• #2632646

      Just got this yesterday.
      I never had a Ford car.

      • #2632736

        I regularly get similar e-mails and/or robocalls telling me the warranty on my Dodge has expired and they’ll extended it, for a reasonable price of course.

        The catch being, my Dodge is a ’98 with 360K miles on so it doesn’t qualify for anyone’s extended warranty!

    • #2632648

      hasn’t gotten used to carrying a phone around all the time

      cybercrone,  I have found that having the right case for my phone plays a BIG roll in keeping keeping it with me.  Slim light duty or decorator cases don’t cut it.  Neither does keeping my phone in my pocket.  Year’s ago I switched to the Otterbox Defender series phone cases.  The rugged case and matching full size rugged belt clip is, IMO very secure, and stays put. It’s especially handy when I’m expecting an important text or a call.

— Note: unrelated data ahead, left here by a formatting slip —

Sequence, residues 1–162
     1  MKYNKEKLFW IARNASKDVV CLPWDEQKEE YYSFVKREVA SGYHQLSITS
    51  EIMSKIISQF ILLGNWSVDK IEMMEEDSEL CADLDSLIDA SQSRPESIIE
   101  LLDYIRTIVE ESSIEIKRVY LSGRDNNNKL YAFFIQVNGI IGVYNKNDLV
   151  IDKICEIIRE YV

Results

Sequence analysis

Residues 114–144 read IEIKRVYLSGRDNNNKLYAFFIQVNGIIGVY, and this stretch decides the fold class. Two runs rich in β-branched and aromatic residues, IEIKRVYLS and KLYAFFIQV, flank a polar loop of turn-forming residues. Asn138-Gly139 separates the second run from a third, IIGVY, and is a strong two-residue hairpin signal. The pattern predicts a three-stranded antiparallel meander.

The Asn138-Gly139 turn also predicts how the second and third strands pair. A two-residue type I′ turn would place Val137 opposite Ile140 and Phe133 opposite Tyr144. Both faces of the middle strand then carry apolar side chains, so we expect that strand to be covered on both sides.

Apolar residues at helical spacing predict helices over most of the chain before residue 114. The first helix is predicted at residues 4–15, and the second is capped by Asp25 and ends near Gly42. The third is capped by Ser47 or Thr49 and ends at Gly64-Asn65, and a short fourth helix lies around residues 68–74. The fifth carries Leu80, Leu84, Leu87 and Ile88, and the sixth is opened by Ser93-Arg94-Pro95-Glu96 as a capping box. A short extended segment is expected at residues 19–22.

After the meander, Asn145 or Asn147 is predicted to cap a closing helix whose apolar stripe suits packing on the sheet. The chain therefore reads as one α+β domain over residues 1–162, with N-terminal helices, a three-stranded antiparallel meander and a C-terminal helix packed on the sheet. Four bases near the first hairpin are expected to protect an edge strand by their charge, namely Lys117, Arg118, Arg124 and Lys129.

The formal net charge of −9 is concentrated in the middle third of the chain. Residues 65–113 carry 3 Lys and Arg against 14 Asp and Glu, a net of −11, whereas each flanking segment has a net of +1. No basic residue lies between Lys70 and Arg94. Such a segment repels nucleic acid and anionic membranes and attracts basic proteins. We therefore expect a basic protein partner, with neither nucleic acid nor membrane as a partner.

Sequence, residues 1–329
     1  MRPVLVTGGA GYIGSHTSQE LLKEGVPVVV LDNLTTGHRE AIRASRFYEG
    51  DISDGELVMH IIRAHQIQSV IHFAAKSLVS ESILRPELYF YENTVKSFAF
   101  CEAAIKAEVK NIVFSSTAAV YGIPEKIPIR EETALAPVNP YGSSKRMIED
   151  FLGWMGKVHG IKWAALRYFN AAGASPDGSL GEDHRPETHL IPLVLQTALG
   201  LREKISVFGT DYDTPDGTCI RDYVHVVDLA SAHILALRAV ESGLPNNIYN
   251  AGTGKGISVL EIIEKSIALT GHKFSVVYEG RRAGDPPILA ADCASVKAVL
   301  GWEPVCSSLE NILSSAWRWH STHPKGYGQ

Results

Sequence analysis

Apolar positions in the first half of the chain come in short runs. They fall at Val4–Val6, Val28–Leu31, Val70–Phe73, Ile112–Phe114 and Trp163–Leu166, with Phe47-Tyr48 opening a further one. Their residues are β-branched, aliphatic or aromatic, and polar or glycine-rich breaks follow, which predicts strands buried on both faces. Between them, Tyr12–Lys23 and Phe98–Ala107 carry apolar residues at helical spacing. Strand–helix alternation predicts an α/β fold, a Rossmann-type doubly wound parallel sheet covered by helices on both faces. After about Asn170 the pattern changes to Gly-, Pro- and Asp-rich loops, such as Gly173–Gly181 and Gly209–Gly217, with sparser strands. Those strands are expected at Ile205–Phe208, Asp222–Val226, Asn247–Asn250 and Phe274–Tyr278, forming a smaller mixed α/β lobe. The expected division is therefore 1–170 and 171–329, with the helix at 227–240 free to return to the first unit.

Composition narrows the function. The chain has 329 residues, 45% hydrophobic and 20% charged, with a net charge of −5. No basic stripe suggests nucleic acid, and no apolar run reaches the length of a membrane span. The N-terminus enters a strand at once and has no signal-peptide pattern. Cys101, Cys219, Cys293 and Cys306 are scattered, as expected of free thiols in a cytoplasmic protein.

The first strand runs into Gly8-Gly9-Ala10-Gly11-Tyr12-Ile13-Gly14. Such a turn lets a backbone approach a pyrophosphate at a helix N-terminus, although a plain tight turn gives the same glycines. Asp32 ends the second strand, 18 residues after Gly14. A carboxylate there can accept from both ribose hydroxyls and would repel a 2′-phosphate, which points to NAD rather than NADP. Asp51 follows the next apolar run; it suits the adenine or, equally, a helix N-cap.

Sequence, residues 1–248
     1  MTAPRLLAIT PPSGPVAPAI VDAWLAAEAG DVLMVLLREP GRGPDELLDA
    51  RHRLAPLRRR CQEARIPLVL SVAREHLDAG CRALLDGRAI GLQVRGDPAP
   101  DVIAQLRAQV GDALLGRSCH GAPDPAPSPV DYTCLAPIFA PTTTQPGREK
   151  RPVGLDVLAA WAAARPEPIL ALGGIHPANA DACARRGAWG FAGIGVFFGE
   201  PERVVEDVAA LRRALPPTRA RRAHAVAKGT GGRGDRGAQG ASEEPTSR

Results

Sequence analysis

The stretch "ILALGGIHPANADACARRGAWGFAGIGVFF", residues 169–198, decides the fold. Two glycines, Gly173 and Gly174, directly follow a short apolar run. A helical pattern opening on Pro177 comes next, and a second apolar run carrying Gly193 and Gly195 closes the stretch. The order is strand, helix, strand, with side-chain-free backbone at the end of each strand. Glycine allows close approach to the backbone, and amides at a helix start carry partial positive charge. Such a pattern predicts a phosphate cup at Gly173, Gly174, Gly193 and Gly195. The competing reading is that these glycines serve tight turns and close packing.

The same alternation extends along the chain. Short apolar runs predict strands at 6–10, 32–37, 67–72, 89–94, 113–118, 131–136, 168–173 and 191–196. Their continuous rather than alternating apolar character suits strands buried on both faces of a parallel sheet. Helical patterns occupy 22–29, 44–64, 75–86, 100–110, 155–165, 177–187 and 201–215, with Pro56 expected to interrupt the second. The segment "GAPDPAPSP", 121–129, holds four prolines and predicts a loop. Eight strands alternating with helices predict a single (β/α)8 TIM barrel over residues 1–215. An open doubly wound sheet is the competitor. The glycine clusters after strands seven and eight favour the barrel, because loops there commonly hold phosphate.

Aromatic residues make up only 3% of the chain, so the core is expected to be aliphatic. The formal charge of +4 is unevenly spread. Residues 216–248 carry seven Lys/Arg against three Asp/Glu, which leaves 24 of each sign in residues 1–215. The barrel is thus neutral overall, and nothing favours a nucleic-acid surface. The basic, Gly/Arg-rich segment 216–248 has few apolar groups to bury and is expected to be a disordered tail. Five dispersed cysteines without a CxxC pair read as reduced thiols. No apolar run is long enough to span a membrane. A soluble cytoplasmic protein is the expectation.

Custom desktop Asus TUF X299 Mark 1 16GB RAM i7-7820X
      Four 27" 1080p screens 2 over 2.
      Laptop Clevo/Sager i7-9750H - 17.3" Full HD 1080p 144Hz, 16GB RAM Win 10 Pro 22H2

    • #2632810

      The rugged case and matching full size rugged belt clip

      I always use clip on cases with my iPhones.

    • #2632907

      I wish more women’s clothing had belt loops.  It would be helpful in this case.

      "She was not quite what you would call refined. She was not quite what you would call unrefined.
      She was the kind of person that keeps a parrot."
      --Mark Twain